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Abby Lee Miller teaches Brooke, Nia, Maddie, Paige and Chloe the new choreography in the second season of Dance Moms, airs Tuesdays, at 9pm ET/PT on Lifetime. ©2011 A&E Television Networks, LLC. All rights reserved. Photo Credit: Scott Gries

the joys of parenting

What's Worse: Dance Moms or Toddlers and Tiaras?

Lifetime's Dance Moms concludes its second season tonight, and its spawn, Dance Moms: Miami will be carrying the torch of Worst Show for Earth during the next few months. Dance Moms is a bad show on several fronts: The production is hacky (must rival-studio Candy Apples be introduced with jokey music every time?), the confessionals unbelievably unnatural, and worst of all, the show's a portrait of and tribute to emotional and psychological abuse. Somewhere, Dr. Philip Zimbardo is saying "did my Stanford prison experiment teach you nothing?"

Dance Moms isn't alone, though. Toddlers and Tiaras similarly glorifies the sexualization of children and fuels a cultural schadenfreude and sense of superiority: I may not be perfect, but at least I'm not her. Both shows are bad. But which is worse? Let's examine the ways in which they are damaging.

The Exploitation of Children
Attention, parents: If you are approached to have your child appear in a reality show, say no! Always say no. No matter how talented or precocious a child is, early exposure to fame — even crappy TLC-level fame — is rarely recipe for long-term emotional and financial stability.

But that's getting ahead of ourselves! Before they were on TV shows, these mothers were already spray tanning their children, wrapping them in garish lycra concoctions, smushing lipstick onto their little faces and shoving them out onstage to prance around unnaturally, like simulated Happy Childrenbots stranded in the uncanny valley.
Who's worse?
Toddlers and Tiaras. Dance is an artform. Pageants are... not.

The Sexualization of Children
On Dance Moms, instructor and she-satan Abby Lee decided to teach her students a burlesque fan dance. "Boobs, boobs, crotch," she said, as she explained the choreography. Her oldest student is 11. They dressed as showgirls.

On Toddlers and Tiaras, Paisely performed a routine dressed as Julia Roberts' character from Pretty Woman:

Mia likes to wear her cone bra costume as a tribute to Madonna. Mia is two. On Dance Moms, the moms called the fan dance "risque," and laughed that if the girls' fathers saw the number, they wouldn't pay for dance lessons anymore. Something is seriously wrong with a family's dynamic if a 10-year-old girl complains "I don't want to be nude" and her mom's only response is just to never mention anything to the child's dad. Everybody loses!
Who's worse?
Dance Moms. It's possible the little girls on T&T are too young to know what's up, but the girls on Dance Moms definitely know what the deal is when Abby tells them their attitude during the dance should be "you can't afford me."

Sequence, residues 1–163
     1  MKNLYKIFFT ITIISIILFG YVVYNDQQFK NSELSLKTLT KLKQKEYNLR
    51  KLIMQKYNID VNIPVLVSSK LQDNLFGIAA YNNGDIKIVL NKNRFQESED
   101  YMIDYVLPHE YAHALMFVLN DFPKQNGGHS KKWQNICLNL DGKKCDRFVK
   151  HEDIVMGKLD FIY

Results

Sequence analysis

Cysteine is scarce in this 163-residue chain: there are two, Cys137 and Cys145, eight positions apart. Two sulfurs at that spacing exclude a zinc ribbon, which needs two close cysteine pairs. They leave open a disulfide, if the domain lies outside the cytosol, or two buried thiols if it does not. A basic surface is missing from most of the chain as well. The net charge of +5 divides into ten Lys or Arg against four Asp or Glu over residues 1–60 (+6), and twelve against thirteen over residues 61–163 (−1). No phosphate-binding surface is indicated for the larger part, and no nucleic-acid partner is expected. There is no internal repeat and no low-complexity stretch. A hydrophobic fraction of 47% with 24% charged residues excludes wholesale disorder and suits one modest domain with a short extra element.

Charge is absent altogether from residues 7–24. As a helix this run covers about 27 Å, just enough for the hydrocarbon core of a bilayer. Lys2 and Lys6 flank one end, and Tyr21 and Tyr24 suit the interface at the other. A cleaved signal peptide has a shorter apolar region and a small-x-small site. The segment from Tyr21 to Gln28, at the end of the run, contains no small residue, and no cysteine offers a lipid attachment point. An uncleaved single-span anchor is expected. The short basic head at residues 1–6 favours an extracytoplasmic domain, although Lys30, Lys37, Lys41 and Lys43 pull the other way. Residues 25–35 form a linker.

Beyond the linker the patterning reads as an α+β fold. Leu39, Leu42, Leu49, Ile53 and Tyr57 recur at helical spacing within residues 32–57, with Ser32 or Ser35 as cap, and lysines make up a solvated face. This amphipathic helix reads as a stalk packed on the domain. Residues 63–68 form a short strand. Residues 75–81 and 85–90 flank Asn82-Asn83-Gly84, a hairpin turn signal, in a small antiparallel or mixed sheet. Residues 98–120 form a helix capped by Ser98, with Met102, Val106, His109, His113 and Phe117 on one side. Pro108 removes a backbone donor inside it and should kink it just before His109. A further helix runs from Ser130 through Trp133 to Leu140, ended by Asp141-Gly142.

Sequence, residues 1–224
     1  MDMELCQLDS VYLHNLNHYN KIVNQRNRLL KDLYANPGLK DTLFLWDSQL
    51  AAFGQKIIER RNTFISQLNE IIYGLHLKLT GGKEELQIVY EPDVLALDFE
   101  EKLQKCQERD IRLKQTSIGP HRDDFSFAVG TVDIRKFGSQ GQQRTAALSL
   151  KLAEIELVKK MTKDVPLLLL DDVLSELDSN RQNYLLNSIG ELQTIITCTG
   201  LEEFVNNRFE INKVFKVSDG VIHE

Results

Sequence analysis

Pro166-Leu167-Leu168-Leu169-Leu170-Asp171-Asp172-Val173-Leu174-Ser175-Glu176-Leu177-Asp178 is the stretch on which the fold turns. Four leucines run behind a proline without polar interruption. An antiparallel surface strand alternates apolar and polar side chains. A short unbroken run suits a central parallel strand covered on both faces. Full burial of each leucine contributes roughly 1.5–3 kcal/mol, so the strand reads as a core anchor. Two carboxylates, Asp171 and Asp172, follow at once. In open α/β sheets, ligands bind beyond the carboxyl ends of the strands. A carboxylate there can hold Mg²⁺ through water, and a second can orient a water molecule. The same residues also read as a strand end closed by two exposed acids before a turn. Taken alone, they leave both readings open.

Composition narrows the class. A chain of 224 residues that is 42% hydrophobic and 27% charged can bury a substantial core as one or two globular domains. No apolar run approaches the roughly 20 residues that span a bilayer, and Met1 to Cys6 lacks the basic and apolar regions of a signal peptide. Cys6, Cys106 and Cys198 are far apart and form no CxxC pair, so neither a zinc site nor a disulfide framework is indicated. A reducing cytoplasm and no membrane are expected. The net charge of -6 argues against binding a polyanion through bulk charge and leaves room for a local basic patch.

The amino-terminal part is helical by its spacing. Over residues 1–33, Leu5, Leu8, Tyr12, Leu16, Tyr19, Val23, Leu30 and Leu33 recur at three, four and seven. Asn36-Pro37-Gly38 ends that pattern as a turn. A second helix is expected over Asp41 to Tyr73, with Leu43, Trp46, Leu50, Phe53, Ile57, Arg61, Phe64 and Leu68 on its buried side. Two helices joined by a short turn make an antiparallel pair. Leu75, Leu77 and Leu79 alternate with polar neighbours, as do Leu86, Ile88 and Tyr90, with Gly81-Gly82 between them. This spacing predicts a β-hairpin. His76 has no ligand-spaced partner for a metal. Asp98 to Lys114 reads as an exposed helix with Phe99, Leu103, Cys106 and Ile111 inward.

The Lessons Learned
We are all taught at some point or another to play through the pain, or to suck it up. This is often a valuable lesson — particularly if the product of said perseverance is, oh, a sense of self-worth or a feeling of meaningful accomplishment. It's a less valuable lesson when the arduous task at hand is ice-cold spray tan, and the prize at the end of the road is mommy's assessment that you are now "pretty," and can therefore be paraded in front of others to earn higher scores than the other "pretty" girls. What are we learning here? Oh, right: That the discomfort of waxing, primping, fake teeth, fake nails, fake hair, and strange clothing is worth it as long as it makes your appearance more pleasing to others.

The lessons the girls on Dance Moms learn is a different one, a more acutely sad one: That their moms won't protect them. There's a difference between parents who push their children, ones that hold them to high standards, and ones that are complicit in their child's misery. The dance moms insist time and again that their daughters simply love dancing, and that sure, Abby is a despicable bag of human garbage, but she trains champions or some such. It is such a shame that we live in a world that only has one dance studio.
Who's worse?
Dance Moms. Society will always come up with new ways to police women's bodies, but children deserve their parents' support.

The Actual People
Honey Boo Boo, Eden Wood, Anderson Cooper — pageant folk are scary. The Dance Moms give them a run for their sad, trashy money, though, with the combination of shrieking, drinking, and abdicating parental responsibility that has made the Real Housewives franchise such a success.
Who's worse?
Dance Moms. Abby Lee is Voldemort in movement clothes.

Photo: Scott Gries/Lifetime